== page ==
PerspectiveMicrobiology

Giving antibiotics an assist

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Science  11 Jun 2021:
Vol. 372, Issue 6547, pp. 1153
DOI: 10.1126/science.abj3062

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Summary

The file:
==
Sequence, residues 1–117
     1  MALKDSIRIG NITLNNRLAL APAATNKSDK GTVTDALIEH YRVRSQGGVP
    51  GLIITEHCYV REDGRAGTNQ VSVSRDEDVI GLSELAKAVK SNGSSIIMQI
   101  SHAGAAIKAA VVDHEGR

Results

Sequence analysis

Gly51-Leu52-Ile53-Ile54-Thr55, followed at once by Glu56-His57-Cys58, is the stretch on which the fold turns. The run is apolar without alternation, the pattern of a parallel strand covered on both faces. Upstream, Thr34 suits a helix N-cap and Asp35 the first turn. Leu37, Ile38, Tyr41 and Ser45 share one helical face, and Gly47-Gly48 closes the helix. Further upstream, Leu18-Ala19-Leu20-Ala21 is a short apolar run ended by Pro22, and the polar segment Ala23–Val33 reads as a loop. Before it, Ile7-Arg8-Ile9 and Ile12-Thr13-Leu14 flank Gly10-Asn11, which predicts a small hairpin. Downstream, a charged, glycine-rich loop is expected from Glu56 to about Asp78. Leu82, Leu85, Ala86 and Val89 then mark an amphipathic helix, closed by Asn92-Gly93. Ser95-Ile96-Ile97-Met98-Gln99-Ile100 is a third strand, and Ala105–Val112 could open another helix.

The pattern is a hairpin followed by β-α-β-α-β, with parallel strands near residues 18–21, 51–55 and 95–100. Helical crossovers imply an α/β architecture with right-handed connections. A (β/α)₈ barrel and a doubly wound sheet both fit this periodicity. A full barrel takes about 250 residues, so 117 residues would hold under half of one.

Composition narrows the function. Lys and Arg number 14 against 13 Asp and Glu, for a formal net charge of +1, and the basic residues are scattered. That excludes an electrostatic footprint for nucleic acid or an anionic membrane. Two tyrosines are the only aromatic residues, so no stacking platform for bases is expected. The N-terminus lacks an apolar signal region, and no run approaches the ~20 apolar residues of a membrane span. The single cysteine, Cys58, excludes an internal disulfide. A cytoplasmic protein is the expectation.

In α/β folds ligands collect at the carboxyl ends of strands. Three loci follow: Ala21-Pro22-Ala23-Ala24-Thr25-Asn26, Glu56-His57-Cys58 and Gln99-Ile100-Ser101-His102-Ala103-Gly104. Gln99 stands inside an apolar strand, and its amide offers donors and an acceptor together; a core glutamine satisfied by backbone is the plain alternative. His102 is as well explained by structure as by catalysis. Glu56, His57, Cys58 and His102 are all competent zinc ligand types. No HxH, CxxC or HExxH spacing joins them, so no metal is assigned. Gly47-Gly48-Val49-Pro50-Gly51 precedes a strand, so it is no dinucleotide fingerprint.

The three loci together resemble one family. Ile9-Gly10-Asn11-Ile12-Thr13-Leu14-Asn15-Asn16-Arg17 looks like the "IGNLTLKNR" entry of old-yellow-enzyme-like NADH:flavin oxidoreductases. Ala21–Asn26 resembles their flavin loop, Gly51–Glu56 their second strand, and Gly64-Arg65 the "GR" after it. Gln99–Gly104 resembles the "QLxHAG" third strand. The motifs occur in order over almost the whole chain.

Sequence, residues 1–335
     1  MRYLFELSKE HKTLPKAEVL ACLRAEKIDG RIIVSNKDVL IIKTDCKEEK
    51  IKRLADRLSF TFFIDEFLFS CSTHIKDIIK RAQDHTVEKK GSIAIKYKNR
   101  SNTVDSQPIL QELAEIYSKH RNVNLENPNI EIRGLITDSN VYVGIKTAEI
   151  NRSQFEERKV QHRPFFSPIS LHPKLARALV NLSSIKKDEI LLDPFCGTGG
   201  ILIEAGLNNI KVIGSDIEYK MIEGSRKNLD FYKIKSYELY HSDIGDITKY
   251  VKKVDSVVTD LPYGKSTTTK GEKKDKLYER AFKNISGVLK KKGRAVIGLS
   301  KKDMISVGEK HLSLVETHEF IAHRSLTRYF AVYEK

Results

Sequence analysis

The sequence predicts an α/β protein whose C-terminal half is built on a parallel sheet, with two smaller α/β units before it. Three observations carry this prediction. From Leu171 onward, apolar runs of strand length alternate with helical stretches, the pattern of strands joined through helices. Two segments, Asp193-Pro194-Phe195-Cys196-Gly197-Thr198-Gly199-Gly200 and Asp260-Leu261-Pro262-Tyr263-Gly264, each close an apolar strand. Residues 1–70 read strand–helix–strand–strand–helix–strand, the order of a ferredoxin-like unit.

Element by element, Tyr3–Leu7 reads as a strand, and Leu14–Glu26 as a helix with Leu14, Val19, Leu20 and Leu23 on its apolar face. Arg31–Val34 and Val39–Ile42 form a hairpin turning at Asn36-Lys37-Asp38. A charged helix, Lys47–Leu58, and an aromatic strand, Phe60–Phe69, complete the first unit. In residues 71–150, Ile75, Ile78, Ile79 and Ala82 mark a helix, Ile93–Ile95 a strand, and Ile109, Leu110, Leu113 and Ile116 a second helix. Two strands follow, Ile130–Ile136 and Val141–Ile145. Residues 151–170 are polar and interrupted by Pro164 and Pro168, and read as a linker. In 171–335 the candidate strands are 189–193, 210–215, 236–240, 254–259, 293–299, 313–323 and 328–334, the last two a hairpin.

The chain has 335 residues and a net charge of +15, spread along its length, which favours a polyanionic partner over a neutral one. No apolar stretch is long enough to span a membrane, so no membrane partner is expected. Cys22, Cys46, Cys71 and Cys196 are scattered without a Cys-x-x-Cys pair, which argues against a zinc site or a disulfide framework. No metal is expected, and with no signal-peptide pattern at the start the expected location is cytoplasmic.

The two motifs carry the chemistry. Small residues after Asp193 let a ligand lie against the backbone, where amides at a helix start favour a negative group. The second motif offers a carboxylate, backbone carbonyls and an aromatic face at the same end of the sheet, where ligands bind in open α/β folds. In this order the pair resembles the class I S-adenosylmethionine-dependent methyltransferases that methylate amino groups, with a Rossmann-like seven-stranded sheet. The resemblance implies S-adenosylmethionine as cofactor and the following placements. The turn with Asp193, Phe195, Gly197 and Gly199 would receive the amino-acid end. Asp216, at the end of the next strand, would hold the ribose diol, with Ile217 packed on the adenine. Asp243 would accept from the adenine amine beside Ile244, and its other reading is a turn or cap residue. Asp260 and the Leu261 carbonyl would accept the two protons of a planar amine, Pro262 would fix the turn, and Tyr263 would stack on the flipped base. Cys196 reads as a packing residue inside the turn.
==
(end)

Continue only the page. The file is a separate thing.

Antimicrobial resistance (AMR) is the silent pandemic. It has been steadily increasing over many years and threatens to halt the practice of modern medicine. By 2050, the annual number of worldwide deaths due to AMR will be ∼10 million, with an estimated economic impact of 100 trillion USD (1). The World Health Organization, United Nations, and governments worldwide agree that plans for surveillance, stewardship, and innovation must be implemented to avoid a future global catastrophe (2, 3). An integral part of prolonging the usefulness of antibiotics will be to identify new ways to combat antibiotic-resistant bacterial infections. On page 1169 of this issue, Shatalin et al. (4) provide hope by presenting an approach that makes bacteria more susceptible to antibiotics. It hinges on crippling a universal bacterial defense mechanism whereby hydrogen sulfide (H2S) protects bacteria from the toxic effects of reactive oxygen species (ROS). Once disabled as such, bacteria become more susceptible to antibiotics.

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